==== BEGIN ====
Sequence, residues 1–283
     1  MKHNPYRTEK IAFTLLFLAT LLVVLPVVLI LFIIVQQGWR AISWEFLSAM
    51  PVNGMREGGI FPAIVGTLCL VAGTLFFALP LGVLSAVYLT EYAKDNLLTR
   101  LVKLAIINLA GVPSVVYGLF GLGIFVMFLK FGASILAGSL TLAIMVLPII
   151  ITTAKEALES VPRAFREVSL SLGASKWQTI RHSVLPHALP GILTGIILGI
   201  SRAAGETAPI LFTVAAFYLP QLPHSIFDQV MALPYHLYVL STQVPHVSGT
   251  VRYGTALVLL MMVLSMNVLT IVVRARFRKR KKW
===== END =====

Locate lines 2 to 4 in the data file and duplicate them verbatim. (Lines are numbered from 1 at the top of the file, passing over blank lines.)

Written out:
     1  MKHNPYRTEK IAFTLLFLAT LLVVLPVVLI LFIIVQQGWR AISWEFLSAM
    51  PVNGMREGGI FPAIVGTLCL VAGTLFFALP LGVLSAVYLT EYAKDNLLTR
   101  LVKLAIINLA GVPSVVYGLF GLGIFVMFLK FGASILAGSL TLAIMVLPII